It’s difficult to discuss what it is about April Fool’s Day that makes it an important contribution to the genre without giving away the twist that makes it stand out. On paper, it’s a familiar and formulaic slasher that sees a group of friends falling victim to a killer at a remote mansion over April Fools’ weekend. There’s less gore than usual, and the deaths aren’t even the most inventive. But it does have Deborah Foreman (Valley Girl) relishing her bad-girl role, which is a big plus, and once the film reaches the third act, everything we thought we knew about the slasher is undone with an unexpected narrative detour. Not only did this one get remade in 2008, but it proved that even a seemingly formulaic format could still offer big surprises.
A Nightmare on Elm Street 3: Dream Warriors (1987)
Long before writing and helming the Stephen King adaptations Shawshank Redemption and The Mist, Frank Darabont co-wrote one of the best slasher sequels of all time with director Chuck Russell. A Nightmare on Elm Street 3: Dream Warriors not only brought original hero Nancy Thompson back to usher in a new generation of Elm Street kids and square off against Freddy Krueger one more time, but this follow-up’s deep dive into the surreal dreamscape altered the course of the franchise permanently. Under Nancy’s guidance, this new group of would-be victims learn to fight back in their dreams with unique dream abilities, imbuing a sense of empowerment and fun to what had previously been a very serious series. A showcase of practical effects, Freddy’s kills are among the most inventive around. More importantly, this sequel signaled that it was okay for the central antagonist to have a personality.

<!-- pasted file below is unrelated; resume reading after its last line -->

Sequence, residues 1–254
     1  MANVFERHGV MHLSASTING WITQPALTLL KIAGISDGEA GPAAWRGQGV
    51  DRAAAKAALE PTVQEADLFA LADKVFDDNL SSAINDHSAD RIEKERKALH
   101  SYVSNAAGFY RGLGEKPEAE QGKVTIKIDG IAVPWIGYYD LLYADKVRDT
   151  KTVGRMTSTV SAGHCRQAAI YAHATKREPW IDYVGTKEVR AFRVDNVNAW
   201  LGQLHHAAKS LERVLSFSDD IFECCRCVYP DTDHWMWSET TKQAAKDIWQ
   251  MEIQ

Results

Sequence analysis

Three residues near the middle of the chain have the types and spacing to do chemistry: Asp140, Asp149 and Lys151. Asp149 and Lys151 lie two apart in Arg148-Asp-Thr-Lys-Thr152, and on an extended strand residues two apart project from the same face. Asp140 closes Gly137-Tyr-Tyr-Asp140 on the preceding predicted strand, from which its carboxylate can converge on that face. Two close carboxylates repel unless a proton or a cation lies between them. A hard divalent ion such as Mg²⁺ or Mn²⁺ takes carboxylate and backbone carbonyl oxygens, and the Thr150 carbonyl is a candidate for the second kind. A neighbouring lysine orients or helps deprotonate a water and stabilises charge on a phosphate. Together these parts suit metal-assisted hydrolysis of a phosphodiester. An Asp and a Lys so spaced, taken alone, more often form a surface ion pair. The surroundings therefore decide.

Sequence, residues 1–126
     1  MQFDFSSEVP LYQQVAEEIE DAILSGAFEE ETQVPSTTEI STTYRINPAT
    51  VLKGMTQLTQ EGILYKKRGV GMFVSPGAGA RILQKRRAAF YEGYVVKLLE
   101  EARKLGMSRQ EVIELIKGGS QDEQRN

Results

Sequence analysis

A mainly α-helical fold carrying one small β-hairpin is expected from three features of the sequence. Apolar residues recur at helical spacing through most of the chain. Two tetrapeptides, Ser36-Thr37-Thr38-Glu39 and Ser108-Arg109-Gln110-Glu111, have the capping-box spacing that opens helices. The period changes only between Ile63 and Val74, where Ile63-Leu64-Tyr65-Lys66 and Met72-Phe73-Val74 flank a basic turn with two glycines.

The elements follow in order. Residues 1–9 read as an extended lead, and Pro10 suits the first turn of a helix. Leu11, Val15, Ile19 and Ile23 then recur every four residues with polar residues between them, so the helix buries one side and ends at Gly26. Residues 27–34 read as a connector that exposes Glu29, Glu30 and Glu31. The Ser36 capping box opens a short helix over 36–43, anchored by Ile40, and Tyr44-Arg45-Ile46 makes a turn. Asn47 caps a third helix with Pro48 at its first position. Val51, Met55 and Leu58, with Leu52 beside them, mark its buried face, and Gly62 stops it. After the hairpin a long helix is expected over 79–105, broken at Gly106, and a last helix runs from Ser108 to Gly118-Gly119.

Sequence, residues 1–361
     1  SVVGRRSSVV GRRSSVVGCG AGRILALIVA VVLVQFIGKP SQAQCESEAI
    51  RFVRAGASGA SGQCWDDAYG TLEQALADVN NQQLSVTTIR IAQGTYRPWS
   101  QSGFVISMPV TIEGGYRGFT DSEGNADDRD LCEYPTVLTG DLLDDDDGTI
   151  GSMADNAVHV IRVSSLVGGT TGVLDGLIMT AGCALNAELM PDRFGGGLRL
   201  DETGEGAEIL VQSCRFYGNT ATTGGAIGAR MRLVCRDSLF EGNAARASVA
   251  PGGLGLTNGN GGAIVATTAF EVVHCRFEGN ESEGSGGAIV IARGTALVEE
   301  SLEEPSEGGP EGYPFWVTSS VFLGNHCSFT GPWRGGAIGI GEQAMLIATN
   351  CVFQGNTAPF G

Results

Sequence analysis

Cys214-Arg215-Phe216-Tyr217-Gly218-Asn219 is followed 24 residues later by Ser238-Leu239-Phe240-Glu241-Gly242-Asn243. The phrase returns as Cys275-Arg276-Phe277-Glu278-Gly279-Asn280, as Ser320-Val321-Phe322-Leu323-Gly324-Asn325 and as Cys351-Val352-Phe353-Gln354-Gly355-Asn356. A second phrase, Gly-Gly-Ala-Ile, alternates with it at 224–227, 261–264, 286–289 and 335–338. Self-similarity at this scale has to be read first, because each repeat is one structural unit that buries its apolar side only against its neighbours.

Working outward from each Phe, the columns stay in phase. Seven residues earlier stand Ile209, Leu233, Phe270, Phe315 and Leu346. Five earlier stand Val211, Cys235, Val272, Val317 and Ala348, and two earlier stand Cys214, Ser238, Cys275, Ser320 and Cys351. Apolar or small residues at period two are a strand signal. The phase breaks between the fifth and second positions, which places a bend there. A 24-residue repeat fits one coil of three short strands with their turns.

Child’s Play (1988)
Child’s Play marked the birth of a new icon: serial killer Chucky (Brad Dourif). Only, this serial killer was forced to possess a Good Guy Doll by way of voodoo after an intense shootout opening scene. That doll ends up in the hands of a 6-year-old, and Chucky’s murder spree is marked by his motivation to find his way back to a human body. Borrowing a page from Freddy Krueger, this antagonist is known for his short temper and humorous quips, but Child’s Play changes the mold by making its Final Girl a 6-year-old boy and updating the traditionally suburban or rural setting in favor of urban Chicago.
Written and directed by Bernard Rose, and based on a story by Clive Barker, Candyman injects gothic romance into the slasher. Graduate student Helen Lyle (Virginia Madsen) summons the urban legend boogeyman known as Candyman (Tony Todd) into existence, unleashing a torrent of pain and death against the backdrop of urban decay in a Chicago housing project. Rose deconstructs the slasher formula and rebuilds it around themes of race, privilege, and taboo relationships. On top of that, Madsen’s Helen is atypical of the traditional Final Girl, falling under the mesmerizing spell of Candyman — as do we.
By this point in the ’90s, the slasher craze had all but died. It was revived anew, with a bigger bloodlust than before, thanks to this entry to the canon from writer Kevin Williamson and director Wes Craven. Scream approached genre conventions with a meta-awareness and used it to consistently subvert audience expectations. The story not only gave the characters a full understanding of horror films and its tropes, but also used the audience’s working knowledge of slasher films against them from the outset. No one expected the most well-known actor of the entire cast, Drew Barrymore, to be dispatched so viscerally in the opening scene, and the narrative only continued to defy expectations from that point onward. Craven proved yet again that horror always has new ground to explore. Scream ushered in a wave of ’90s teen horror, and inspired countless meta-approaches to the genre since.
Halloween H20: 20 Years Later (1998)